In one of my psychology classes in university I remember learning that one famous psychologist suggested an interesting correlation when it came to freedom and happiness. I tried to look up who it was, but I wasn’t able to settle the matter with any certainty. My best guess is that it was Erich Fromm.

Anyway, the idea was that while having no freedom leads to unhappiness, too much freedom can as well. We feel powerless when we don’t get to make any choices for ourselves, but we also begin to feel overwhelmed and distressed when we have too many choices. This idea has stuck with me ever since.

I truly believe that in our modern age, most of the world has started to experience that unhappiness due to too much freedom. Never before in history have we each had so many individual choices to make each and every moment of every day. We are constantly being advertised to, we have twenty or more different options for each product we need to purchase at the store, and we have an unlimited number of options when it comes to the internet which is now an integral part of our everyday lives.

I personally feel paralyzed with indecision on a daily basis. And it has certainly only become worse as society and technology has progressed in my lifetime. I am mentally exhausted from weighing endless choices. Most of the time all I can do is try to shut it all out and do nothing. I used to think this was solely due to my anxiety disorder, but it does provide some comfort to know that this effects everyone to some extent.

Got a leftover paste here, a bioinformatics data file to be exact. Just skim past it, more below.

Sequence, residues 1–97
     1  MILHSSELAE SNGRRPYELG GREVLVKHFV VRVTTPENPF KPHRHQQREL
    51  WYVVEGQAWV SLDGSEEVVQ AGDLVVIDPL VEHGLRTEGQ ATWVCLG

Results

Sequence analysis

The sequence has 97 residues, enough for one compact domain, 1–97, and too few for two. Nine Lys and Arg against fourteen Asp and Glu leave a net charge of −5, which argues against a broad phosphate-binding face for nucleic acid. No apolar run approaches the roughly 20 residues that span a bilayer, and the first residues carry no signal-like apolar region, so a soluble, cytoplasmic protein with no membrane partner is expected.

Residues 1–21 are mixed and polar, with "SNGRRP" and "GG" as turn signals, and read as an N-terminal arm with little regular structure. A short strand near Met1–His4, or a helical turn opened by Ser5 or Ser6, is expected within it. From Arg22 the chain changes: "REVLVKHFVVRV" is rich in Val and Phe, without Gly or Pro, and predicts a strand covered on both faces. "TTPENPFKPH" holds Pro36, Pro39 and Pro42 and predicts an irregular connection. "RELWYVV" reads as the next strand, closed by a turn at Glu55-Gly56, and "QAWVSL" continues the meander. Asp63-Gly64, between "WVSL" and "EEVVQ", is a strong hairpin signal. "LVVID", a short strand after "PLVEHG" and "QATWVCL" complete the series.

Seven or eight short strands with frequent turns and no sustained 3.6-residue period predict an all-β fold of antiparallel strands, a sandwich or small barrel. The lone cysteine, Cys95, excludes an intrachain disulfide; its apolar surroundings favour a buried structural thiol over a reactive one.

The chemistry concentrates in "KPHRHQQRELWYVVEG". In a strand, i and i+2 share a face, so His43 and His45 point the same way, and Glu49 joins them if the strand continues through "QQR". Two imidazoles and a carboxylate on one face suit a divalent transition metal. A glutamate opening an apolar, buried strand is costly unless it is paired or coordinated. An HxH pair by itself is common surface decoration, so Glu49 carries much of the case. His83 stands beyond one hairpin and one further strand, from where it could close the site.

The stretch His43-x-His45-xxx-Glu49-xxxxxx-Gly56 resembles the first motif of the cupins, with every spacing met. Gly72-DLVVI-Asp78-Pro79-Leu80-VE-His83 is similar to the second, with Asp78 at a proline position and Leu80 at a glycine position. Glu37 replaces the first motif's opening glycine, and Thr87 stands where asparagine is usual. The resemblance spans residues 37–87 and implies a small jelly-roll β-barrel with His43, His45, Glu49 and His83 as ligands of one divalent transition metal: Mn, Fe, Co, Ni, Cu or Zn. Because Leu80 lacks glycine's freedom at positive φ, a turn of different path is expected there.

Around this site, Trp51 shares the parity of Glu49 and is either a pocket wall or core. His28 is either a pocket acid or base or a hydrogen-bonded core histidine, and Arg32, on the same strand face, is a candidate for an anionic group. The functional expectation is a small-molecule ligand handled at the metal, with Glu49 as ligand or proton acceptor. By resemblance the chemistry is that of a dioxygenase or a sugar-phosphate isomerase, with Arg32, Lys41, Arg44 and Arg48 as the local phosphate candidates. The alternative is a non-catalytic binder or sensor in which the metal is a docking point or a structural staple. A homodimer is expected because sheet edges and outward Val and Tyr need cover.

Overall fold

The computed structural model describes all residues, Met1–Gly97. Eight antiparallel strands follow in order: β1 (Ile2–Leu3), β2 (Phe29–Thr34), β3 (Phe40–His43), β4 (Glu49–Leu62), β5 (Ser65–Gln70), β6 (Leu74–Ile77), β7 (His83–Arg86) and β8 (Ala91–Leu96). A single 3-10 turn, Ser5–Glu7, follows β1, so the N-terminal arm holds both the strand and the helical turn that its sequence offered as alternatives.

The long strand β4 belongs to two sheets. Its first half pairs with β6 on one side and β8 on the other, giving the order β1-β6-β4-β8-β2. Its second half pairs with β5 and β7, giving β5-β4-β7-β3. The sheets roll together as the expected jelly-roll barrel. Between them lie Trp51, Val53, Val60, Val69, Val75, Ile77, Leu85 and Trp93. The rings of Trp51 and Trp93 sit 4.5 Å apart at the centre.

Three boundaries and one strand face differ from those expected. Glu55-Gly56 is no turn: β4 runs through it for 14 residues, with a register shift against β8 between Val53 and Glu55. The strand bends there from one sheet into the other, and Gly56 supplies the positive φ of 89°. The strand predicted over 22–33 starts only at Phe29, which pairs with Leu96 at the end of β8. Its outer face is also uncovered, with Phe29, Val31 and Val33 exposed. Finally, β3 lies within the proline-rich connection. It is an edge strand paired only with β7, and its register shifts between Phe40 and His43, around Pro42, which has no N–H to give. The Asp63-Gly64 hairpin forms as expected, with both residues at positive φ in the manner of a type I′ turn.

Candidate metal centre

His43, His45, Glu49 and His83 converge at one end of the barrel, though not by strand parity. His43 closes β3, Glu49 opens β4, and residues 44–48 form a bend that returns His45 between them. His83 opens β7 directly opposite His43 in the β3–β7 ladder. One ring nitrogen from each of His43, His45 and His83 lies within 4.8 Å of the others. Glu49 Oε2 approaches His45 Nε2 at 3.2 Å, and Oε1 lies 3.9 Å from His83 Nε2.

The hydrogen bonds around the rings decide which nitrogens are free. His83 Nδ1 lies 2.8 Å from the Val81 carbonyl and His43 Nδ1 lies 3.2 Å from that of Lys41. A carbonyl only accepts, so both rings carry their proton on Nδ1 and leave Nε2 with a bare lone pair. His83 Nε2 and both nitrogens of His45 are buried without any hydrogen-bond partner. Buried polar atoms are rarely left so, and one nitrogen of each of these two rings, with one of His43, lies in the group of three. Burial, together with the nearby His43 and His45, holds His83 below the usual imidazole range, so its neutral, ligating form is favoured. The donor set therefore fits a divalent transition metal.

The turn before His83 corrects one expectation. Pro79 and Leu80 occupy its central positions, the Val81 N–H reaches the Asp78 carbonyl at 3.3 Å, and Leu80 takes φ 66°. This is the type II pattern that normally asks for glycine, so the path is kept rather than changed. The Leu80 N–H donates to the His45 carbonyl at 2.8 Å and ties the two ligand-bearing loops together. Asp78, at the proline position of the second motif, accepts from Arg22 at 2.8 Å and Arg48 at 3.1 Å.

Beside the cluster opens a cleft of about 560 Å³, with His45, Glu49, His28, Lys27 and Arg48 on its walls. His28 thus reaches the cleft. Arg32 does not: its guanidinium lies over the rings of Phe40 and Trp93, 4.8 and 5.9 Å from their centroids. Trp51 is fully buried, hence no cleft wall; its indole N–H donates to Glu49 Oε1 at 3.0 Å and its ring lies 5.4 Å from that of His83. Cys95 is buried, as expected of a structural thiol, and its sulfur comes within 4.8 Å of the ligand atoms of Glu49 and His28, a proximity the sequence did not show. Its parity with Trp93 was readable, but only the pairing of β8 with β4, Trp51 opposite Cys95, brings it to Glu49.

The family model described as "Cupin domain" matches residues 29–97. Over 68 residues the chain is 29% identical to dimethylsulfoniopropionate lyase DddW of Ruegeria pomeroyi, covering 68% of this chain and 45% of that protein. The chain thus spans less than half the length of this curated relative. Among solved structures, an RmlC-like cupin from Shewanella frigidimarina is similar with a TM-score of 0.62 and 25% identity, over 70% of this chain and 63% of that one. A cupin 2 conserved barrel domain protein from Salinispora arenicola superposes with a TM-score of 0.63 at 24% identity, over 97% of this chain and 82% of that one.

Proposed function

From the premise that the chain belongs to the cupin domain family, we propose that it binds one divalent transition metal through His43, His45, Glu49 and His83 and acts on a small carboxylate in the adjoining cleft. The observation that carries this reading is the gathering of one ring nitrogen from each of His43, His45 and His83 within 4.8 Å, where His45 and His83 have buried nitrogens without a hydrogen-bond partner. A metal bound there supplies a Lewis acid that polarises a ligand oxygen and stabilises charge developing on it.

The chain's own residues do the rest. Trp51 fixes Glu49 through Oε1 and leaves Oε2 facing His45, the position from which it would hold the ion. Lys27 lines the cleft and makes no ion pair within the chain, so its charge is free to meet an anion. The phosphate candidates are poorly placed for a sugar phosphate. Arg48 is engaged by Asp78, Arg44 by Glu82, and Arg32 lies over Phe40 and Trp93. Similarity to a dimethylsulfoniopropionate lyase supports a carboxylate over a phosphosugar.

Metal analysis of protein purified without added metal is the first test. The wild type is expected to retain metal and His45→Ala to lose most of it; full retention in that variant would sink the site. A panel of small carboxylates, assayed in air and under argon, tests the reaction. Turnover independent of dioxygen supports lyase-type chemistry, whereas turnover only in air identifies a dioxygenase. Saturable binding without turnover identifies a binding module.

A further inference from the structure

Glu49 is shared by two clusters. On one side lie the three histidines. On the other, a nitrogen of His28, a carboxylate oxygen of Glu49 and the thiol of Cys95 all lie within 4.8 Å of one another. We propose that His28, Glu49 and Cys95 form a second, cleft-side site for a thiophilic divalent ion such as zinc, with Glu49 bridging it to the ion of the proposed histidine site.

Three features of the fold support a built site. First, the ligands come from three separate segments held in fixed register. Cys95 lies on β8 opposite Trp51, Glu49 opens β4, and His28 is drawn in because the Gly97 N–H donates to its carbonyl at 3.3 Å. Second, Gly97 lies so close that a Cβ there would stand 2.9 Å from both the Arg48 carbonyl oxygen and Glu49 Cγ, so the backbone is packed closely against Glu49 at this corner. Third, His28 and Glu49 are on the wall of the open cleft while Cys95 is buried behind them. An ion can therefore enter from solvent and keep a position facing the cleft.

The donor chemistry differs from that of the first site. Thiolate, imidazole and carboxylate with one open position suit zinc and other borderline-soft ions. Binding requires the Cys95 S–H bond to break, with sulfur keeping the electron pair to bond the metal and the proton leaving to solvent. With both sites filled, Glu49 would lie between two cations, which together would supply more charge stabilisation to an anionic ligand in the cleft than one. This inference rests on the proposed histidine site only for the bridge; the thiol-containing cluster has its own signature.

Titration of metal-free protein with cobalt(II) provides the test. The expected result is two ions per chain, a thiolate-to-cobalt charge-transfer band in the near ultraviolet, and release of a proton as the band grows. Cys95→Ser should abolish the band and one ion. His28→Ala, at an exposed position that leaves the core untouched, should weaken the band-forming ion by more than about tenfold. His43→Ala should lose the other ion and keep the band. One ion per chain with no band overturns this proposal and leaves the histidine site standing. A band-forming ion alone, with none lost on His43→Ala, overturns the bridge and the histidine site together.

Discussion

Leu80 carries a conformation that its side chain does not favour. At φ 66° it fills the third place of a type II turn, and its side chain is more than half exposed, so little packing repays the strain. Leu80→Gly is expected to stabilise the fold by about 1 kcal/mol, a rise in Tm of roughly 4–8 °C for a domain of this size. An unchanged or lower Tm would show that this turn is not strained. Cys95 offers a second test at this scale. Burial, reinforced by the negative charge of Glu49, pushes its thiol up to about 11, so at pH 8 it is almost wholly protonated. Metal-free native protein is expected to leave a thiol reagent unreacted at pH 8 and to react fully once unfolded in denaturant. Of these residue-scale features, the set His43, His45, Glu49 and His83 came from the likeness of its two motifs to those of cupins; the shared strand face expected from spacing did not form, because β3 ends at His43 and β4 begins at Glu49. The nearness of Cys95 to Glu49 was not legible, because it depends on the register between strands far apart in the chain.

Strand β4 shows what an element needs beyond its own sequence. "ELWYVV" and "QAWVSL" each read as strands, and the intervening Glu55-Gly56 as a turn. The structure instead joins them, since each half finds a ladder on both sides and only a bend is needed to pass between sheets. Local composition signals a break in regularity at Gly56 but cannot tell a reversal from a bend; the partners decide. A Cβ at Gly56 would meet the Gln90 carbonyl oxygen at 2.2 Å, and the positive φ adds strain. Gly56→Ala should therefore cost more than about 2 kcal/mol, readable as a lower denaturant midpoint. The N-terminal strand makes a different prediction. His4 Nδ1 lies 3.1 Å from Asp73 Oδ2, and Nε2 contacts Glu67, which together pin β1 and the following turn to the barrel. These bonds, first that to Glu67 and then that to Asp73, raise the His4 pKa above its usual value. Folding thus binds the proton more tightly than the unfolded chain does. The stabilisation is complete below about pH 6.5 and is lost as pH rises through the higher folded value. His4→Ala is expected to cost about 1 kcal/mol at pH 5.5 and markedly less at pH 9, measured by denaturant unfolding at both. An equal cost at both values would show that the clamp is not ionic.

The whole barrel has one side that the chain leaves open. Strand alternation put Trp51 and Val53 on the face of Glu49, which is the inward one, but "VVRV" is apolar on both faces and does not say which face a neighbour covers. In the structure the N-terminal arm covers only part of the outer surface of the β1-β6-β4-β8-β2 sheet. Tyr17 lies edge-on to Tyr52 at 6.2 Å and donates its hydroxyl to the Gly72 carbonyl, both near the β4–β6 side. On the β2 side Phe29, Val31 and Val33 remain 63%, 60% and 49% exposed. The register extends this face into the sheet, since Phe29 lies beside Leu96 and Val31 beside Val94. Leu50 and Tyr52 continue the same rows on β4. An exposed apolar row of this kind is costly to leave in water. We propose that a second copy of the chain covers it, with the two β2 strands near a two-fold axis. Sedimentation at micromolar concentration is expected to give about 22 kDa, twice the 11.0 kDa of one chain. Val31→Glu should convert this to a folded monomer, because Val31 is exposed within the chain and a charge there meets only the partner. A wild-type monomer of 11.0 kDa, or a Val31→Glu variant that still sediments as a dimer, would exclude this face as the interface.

It brings to mind a quote by Sylvia Plath that has always deeply resonated with me:

I saw my life branching out before me like the green fig tree in the story. From the tip of every branch, like a fat purple fig, a wonderful future beckoned and winked. One fig was a husband and a happy home and children, and another fig was a famous poet and another fig was a brilliant professor, and another fig was Ee Gee, the amazing editor, and another fig was Europe and Africa and South America, and another fig was Constantin and Socrates and Attila and a pack of other lovers with queer names and offbeat professions, and another fig was an Olympic lady crew champion, and beyond and above these figs were many more figs I couldn’t quite make out. I saw myself sitting in the crotch of this fig tree, starving to death, just because I couldn’t make up my mind which of the figs I would choose. I wanted each and every one of them, but choosing one meant losing all the rest, and, as I sat there, unable to decide, the figs began to wrinkle and go black, and, one by one, they plopped to the ground at my feet.

I have felt this way all of my life, yet never could have created such a splendidly perfect metaphor. I am not sure what we as a society can do to address this problem though. It certainly seems wrong for the government or some other entity to limit people’s freedoms in order to protect them from being overwhelmed by choices. But I do often long to have been born in simpler times. While I am grateful for all the freedom I have, I am also somewhat fearful of it.